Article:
The latest coronavirus funding bill, officially known as H.R. 266 "Paycheck Protection Program and Health Care Enhancement Act," was signed by President Trump on Friday, April 24, 2020, after being passed by the House and Senate earlier in the week.
The $484 billion legislation adds dollars to existing programs that have either run out of money or are considered underfunded. It increases funding for the Paycheck Protection Program, Economic Injury Disaster Loan (EIDL) program, including emergency grants, and includes new hospital and health care funding as well as additional testing.
How the Funds Break Down
The bill provides $370 billion in small business funding including $310 billion to the Paycheck Protection Program (PPP). Of the $310 billion, approximately $60 billion will go to small, medium, and community lenders with assets ranging from less than $10 billion up to $50 billion.
An additional $60 billion will be added to the Economic Injury Disaster Loan (EIDL) program which, like PPP, was depleted. Alongside all this is a $75 billion appropriation for hospitals and $25 billion for testing.
Most of the balance of about $14 billion goes toward administrative costs, making the package total $484 billion.
- The new $484 billion bill serves as interim funding legislation as Congress begins discussions on Phase 4 of its COVID-19 stimulus and relief programs.
- The lion's share of the money, $370 billion, goes to small businesses.
- An important set-aside of $60 billion goes to small banks to help answer complaints that too much of original PPP funds went to large companies.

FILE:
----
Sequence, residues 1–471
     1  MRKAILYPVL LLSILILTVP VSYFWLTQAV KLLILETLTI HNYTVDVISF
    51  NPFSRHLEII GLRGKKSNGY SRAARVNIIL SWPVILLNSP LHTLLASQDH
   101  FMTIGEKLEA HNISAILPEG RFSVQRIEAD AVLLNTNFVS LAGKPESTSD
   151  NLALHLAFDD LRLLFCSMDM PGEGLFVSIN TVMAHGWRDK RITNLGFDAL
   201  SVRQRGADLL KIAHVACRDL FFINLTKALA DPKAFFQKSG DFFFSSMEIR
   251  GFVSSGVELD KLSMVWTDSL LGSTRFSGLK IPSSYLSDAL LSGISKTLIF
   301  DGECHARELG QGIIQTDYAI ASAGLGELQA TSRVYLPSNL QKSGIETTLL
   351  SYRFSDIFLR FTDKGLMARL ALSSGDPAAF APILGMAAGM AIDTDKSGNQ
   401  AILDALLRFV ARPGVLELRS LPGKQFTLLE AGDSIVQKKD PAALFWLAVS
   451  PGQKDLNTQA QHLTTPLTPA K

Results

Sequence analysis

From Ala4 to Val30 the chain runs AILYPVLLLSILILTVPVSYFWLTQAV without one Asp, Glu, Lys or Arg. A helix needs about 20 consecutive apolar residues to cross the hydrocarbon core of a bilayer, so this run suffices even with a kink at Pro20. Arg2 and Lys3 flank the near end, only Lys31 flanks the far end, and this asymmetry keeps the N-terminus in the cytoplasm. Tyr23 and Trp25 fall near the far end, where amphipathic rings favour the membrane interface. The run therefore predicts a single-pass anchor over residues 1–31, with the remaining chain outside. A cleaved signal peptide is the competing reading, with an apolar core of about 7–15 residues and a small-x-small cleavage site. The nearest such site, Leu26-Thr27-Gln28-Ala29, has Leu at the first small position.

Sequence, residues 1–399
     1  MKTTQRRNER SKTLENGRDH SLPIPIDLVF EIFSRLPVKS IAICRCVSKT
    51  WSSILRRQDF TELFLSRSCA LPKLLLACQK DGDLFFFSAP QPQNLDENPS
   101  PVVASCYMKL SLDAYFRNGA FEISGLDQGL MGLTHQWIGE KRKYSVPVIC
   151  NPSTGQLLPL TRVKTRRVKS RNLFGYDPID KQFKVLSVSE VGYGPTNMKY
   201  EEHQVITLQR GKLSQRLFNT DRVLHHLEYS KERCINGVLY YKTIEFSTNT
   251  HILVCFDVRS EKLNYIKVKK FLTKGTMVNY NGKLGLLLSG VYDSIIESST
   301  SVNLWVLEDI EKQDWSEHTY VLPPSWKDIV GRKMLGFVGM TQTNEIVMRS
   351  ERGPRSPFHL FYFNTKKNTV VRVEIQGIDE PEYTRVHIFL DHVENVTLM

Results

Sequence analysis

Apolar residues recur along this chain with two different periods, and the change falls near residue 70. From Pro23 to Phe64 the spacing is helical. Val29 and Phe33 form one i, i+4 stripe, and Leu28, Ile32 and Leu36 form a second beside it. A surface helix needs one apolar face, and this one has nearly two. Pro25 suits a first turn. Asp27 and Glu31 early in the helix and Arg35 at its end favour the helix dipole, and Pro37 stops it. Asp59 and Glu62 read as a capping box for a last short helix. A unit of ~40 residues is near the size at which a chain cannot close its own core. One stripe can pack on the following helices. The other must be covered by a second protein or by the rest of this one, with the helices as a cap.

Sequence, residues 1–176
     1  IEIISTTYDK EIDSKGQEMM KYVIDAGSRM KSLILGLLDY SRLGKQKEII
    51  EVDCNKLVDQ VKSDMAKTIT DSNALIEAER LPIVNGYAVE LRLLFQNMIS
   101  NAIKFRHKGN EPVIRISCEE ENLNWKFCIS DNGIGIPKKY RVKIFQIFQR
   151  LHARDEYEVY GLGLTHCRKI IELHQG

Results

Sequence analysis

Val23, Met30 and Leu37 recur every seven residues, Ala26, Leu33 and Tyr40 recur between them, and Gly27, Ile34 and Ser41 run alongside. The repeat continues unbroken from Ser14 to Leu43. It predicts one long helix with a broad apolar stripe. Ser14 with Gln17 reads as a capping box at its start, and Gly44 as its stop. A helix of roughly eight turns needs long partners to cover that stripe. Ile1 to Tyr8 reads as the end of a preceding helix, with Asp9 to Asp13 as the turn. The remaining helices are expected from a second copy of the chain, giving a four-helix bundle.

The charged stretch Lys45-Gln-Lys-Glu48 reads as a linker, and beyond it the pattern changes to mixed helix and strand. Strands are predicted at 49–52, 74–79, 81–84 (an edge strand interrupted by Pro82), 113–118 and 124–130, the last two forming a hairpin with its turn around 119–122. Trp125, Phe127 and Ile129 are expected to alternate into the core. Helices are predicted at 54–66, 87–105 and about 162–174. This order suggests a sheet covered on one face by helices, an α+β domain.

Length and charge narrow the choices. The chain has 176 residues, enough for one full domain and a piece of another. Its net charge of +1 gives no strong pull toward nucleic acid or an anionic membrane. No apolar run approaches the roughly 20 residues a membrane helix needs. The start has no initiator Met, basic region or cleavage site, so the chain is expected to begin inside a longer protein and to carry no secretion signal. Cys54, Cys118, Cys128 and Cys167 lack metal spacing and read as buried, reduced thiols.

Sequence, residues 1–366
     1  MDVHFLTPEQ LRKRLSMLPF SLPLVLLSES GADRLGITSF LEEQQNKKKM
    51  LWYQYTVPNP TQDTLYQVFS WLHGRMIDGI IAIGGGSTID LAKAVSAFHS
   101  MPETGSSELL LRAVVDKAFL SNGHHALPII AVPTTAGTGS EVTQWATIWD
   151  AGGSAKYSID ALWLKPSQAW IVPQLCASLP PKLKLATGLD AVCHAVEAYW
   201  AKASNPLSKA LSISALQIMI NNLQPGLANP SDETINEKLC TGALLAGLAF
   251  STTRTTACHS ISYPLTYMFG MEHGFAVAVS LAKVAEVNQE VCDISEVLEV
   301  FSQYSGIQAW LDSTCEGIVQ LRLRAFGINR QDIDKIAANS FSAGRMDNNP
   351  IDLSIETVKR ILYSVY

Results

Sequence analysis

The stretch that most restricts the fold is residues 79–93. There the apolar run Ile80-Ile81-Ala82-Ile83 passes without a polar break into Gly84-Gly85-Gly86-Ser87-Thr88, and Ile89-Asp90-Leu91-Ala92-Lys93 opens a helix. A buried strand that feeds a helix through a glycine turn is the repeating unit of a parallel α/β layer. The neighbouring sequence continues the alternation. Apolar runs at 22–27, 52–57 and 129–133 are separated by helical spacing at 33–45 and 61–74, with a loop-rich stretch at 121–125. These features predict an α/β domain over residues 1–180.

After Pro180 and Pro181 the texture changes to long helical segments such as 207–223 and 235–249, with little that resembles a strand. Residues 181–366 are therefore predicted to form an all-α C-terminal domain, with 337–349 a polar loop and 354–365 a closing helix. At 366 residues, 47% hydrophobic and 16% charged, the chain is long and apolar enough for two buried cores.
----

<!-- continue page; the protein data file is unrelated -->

- About $75 billion goes to hospitals and $25 billion to testing.
Paycheck Protection Program (PPP) New Funding
Approximately $310 billion will be used to refresh the Paycheck Protection Program, which offers forgivable government-backed private loans, provided companies retain their workforce.
PPP loans of up to $10 million to cover eight weeks of expenses do not have to be paid back if at least 75% of the money is spent on rehiring and keeping employees. Otherwise, the loan comes with a 1% interest rate and must be repaid within two years.
Small Lender Set-Aside
The PPP has been so popular it ran out of funds on April 16, 2020, prompting criticism over who did and did not receive forgivable loans. As a result, the new legislation includes a set-aside of at least $60 billion of the $370 billion for small lenders including community banks, credit unions, and community development financial institutions. This set-aside will be carved out of the $310 billion PPP allocation.
The small lender set-aside contains no guidance for who gets the loans, only that small lenders get access to the funds.
Economic Injury Disaster Loan (EIDL) New Funding
Another $60 billion goes to the existing SBA Economic Injury Disaster Loan (EIDL) program, which offers loans of up to $2 million to companies with fewer than 500 employees. This money can be used to pay off debt, provide payroll, and pay other bills.
Up to $10,000 Forgiveable Loan Advances for EIDL
One of the main attractions of the EIDL program is the potential to receive an up-to-$10,000 ($1,000 per employee) advance on an EIDL loan within three days: $10 billion of the $60 billion authorization for EIDL will go toward these loan advances.
The $75 billion allocated by the new legislation goes to the U.S. Department of Health and Human Services (HHS) to reimburse providers for the cost of treating COVID-19 patients. This includes funding to provide diagnosis, testing, and care of these individuals.
Finally, $25 billion has been authorized to help develop and implement a national plan to helps states with testing protocols. The funds are further broken down by various jurisdictions and groups including states, localities, tribes, the CDC, National Institutes of Health and others. Areas of concentration include not only testing and contact testing for COVID-19 in individuals but also testing for possible immunity.